Three thoughts on the Utah Jazz’s 119-107 loss to the Denver Nuggets from Salt Lake Tribune Jazz beat writer Andy Larsen.

1. Defending Jamal Murray

Look, Jamal Murray has been absolutely incredible this series. He’s now shooting 58% from the field, 57% from three, and 92% from the free-throw line, in order to score 35 points per game. He’s also scored fifty points twice.

This is a level that Murray has never played at before. He hasn’t even gotten particularly close. He averaged 18 points per game in the regular season, and never eclipsed 40. No matter how bad the Jazz play defense, it’s still better than what the Wizards or Cavs or Knicks or Warriors throw out there on a nightly basis in the regular season, and he didn’t get 40 on those teams, let alone 50 twice. It’s insane. It defies explanation.

There’s an old quote in economics from John Maynard Keynes, though, that applies to this situation: “The market can stay irrational longer than you can stay solvent.” The fact that what Murray is doing in this series is unexpected doesn’t make it any less true that the Nuggets are now just one game away from winning the series. And at some point, the Jazz need to do something about the guy who keeps scoring 50 points on them.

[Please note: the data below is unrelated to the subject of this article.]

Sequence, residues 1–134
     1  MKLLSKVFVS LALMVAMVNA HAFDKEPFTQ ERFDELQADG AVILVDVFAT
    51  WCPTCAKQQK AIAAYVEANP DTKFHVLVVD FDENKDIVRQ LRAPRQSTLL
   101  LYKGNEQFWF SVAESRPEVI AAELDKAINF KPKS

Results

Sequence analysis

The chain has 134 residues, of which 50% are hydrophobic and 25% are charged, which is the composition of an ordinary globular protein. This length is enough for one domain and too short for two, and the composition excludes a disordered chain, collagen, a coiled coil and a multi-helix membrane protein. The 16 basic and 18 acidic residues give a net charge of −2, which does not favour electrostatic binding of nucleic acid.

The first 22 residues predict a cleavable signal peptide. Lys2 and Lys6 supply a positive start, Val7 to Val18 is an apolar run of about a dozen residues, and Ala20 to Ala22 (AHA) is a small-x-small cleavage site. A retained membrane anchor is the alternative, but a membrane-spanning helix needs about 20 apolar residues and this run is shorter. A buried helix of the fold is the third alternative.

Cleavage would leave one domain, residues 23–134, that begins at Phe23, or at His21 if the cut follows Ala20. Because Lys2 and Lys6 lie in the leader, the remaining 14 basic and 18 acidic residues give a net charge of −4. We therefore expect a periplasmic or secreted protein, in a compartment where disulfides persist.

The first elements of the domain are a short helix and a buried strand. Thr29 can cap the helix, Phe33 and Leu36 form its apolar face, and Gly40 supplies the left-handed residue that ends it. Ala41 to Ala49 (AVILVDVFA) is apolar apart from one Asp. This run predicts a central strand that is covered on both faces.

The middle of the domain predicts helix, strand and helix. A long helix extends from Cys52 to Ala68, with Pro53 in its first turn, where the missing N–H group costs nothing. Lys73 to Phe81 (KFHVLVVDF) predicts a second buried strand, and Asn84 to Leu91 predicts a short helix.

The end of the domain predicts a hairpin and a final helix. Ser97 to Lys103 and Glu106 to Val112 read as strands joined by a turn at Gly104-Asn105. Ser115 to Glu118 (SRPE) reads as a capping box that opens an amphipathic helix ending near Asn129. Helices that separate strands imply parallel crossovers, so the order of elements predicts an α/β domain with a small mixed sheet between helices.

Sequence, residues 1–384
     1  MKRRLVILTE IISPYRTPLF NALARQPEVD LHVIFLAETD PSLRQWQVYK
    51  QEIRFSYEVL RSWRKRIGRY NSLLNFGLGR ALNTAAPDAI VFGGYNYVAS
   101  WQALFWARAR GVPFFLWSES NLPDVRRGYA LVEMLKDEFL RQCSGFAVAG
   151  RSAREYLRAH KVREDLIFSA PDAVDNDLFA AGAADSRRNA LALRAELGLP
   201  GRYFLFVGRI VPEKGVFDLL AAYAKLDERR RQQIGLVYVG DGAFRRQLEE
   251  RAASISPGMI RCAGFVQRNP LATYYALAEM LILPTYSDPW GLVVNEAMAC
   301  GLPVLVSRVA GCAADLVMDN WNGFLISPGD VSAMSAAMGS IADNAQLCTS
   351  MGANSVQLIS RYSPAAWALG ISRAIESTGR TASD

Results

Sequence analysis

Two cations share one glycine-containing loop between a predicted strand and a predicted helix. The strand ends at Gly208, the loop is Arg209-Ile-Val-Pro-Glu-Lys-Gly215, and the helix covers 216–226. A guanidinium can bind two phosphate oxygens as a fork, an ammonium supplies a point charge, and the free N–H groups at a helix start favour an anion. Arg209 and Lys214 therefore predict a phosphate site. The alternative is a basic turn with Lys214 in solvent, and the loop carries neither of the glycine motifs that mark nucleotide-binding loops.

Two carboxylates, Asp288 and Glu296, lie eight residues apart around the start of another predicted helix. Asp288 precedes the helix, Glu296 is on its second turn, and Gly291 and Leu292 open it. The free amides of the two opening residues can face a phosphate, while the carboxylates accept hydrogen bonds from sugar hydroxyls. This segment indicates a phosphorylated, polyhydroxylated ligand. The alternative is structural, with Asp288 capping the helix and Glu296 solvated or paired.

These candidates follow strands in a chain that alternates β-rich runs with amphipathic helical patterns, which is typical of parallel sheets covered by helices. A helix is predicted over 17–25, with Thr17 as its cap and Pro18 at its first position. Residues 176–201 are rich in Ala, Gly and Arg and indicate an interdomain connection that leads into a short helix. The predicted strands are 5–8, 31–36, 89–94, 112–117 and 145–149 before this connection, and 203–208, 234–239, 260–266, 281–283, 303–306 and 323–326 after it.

The obvious options have been disastrous. Royce O’Neale was given a 4-year, $36 million contract nearly entirely on the back of his defensive play. And yet, he’s been asleep at the wheel in the Jazz’s losses this series, not getting any sort of effective contest. In the middle of the fourth quarter, at the beginning of the shot clock, O’Neale is somehow a beat late on getting to the point of the handoff. At that point, he’s behind Murray, but still in the play, but makes no swipe for the ball or backside contest of the shot.

O’Neale’s play has been very disappointing.

Joe Ingles turns 33 in a month. He was famously slow, even at his physical peak. It makes sense that he is unable to guard the quick Murray.

Donovan Mitchell just doesn’t have the height to bother him on a contest.

If he was a more physical defender, it might work, but Murray blew by that once in the fourth quarter too.

I mean, at the end of the game, Quin Snyder put Jordan Clarkson on him. Clarkson has one of the worst defensive reputations in the league, and while he’s been somewhat better than that in this series, he’s still a below-average defender. It was pretty clearly desperation by Snyder to even try it.